Kate: Jean, do you have any advice for young people who feel very discouraged about the environment, or the way the world’s going? How do you not lose hope?
Jean: The only advice I have is just pick something that you can help with and do it. That’s what I do.
And my grandchildren, they’re very thoughtful, and I think because they’re focused on something they can do, they don’t get discouraged.
I had a friend, Sherry Rowland, who discovered the ozone hole. At the time — this was in the 70s — there was discussion that if we didn’t do something about the ozone and CFCs, then in 50 years we weren’t going to be able to control it.
So I asked his wife how they dealt with that, knowing that it was really dicey. And she said, well, he just did what he could do and then they enjoyed life otherwise. <laughs>
So you just do what you can do. Don’t dwell on the direness of anything, but do what you can do and then remember to also enjoy your life.
A friend was here for lunch the other day with a few others, and one of them was talking about all the world’s problems. <laughs> And my friend said she just doesn’t worry. And it’s interesting because she has colon cancer, and she’s been going to the City of Hope, and she has been taking something but it doesn’t make her feel bad. So she looks good, she feels good. She’s about 87, I think. And she said she doesn’t worry about anything because why worry about anything that you can’t do something about? <laughs>
So I think: I’ll try and take a page out of her book. <laughs>
Attitude Is Everything
Jean: Attitude is everything. When I got into all this with the oxygen, my attitude could be pretty bad. So Lorna, my daughter, said there’s this exercise called Three Good Things. In fact, this is interesting too, because the whole country is a little bit focused on health, healthy communities, and mental health right now. They’re doing a lot more for mental health these days. And one exercise you can do is the Three Good Things.
So in the morning, instead of thinking, Oh my gosh, I’ve got to go through all this stuff again — the oxygen, the wheelchair, the challenges of aging, you name it, whatever myself or others are going through — you think of three good things.
So I started doing that exercise and then I would focus on: What’s good about this day? And of course there are good things. I actually put it on as a journal on my computer. I put the date and start with three good things, typing them out. And it makes you think about what is good instead of just dwelling on whatever isn’t and that you can’t change anyway.
Kate: It reminds me of Carroll Beek’s example of cleaning her own beach. Something that’s kind of simple but actually has a profound effect.
Jean: Yes, it is. And it certainly can’t hurt if you focus your mind on what’s good instead of “I just really don’t like this situation.” <laughs> Believe me, I could go there any minute of the day, but there is no use for that, you know. It just doesn’t help me any. <laughs>
Dealing with the Physical Limitations of Aging
Cassidy: Growing older and the problems that come with age, the physical limitations, do you find that really frustrating?
Jean: Yeah! That’s what the Three Good Things are for. Because it is really frustrating. Because you want to do all kinds of stuff.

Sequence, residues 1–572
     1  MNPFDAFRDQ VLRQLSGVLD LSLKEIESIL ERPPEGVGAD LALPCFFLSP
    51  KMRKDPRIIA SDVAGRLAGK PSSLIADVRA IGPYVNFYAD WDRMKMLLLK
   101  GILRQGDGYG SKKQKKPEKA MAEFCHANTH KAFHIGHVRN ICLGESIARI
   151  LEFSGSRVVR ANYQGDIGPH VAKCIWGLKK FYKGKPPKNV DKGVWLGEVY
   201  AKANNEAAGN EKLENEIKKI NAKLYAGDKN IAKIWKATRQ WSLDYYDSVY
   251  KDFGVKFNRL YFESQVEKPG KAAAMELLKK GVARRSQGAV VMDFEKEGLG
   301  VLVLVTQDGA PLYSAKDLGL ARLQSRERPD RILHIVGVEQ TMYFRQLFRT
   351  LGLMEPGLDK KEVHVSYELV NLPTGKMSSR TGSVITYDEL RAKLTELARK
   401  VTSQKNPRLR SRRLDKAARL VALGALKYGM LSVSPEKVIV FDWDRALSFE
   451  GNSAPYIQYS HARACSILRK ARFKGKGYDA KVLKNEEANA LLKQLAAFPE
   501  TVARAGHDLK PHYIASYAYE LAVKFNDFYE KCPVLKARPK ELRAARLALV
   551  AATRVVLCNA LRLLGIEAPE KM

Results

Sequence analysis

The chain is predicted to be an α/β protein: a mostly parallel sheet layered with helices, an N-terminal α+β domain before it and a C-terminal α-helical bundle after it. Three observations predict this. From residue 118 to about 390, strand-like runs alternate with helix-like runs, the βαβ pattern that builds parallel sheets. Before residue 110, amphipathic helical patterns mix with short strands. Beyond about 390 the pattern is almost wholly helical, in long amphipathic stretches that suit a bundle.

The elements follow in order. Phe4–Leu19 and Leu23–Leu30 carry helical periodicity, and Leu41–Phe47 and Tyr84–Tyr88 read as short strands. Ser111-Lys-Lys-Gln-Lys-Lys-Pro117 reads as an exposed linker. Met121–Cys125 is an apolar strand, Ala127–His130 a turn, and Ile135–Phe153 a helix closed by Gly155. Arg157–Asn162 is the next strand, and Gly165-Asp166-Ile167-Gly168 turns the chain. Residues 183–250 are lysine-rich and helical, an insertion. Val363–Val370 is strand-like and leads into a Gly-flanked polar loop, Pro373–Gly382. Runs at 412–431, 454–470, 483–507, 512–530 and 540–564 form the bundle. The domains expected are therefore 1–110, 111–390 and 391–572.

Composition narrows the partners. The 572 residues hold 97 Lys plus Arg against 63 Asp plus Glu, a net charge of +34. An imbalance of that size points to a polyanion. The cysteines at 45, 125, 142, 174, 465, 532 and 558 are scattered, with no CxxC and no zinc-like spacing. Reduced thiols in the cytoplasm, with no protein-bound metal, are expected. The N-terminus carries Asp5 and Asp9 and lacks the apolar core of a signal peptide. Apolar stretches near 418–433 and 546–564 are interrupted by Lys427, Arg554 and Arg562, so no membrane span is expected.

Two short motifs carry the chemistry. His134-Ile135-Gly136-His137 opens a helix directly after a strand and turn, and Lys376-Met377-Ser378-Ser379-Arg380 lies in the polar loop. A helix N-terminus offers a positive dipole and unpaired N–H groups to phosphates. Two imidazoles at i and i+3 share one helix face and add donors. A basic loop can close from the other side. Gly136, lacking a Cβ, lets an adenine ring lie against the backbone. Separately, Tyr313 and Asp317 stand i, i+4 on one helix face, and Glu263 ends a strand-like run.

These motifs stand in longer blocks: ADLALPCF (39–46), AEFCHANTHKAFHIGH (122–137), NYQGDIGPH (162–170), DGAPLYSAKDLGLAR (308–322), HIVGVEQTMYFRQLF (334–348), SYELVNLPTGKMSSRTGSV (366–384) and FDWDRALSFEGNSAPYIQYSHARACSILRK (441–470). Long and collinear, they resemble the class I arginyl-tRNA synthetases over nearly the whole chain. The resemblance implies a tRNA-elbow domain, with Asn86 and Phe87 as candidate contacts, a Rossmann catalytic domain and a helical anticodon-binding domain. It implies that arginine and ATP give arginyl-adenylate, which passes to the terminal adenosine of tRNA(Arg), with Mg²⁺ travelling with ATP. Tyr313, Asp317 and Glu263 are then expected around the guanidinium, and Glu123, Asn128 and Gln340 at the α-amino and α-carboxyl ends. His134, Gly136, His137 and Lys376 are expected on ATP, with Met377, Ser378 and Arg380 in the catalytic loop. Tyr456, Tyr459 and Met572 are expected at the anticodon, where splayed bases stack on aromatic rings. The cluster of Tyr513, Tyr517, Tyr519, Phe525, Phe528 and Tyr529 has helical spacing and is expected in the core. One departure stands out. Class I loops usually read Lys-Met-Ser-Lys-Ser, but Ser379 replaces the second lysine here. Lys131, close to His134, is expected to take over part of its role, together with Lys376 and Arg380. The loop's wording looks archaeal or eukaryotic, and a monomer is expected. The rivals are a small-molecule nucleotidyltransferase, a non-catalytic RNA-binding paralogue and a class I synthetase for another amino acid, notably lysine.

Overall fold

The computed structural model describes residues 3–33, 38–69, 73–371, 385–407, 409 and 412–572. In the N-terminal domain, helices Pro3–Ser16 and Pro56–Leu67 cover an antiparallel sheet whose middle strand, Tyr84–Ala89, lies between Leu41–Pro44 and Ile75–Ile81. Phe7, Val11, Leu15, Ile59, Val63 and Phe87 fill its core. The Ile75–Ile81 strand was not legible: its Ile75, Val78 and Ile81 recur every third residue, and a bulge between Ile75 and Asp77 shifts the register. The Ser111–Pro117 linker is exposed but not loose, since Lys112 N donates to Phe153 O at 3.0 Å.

But then I look at the bright side — whatever that is — because I am enjoying lots of things. I’ve been having people over for lunch and seeing friends. And because I’ve been doing all these non-profit groups over the years, I know a lot of people who are younger and so I get to see them and even participate in some of their projects.
And then because they’ve made it so easy for people like me with wheelchair access. And then my oxygen, I’ve got the little purse thing, so I can go to a meeting or out to see people. I can do all that. I don’t think I would have been able to before the American Disability Act, but with all the equipment we have now and with the requirement for access, we can do almost anything. You just have to be willing to go out and do it.
Continuing to Love & Be Nurtured by Nature
“I grew up being outdoors.”
Cassidy: Were you brought up with any religion?
Jean: Not really. And I feel kind of lucky about that, too, because I’ve never had the any of baggage that can sometimes come with a religious upbringing, which I consider to be a very big benefit. But I don’t have a problem with religion at all. I’m not anti-religion.
And I will be forever grateful for my family for not making religion a thing that I had to do because of them. It was totally my choice.
Neither of my parents were religious or my brother. I wouldn’t say they were atheists, but agnostic. Neither of my parents went to church.
We had housekeepers growing up and they took me to the Baptist church and the Lutheran church. So I got a lot of church going, but it wasn’t from my family.
And my husband’s family were Mormons. So I figure they’re praying for me. <laughs> They always do. One of the younger generation from my husband’s family calls me. The Mormons always watch out for their people. They’re very good about that.
A local church had an ecology day recently, and they invited me to be on a panel. I had lunch with the minister, and he said, Do you go to church on Sunday? And I told him no. <laughs> And he said, What do you do? And I said, I garden. As far as I’m concerned, a garden is just as much a shrine as anything.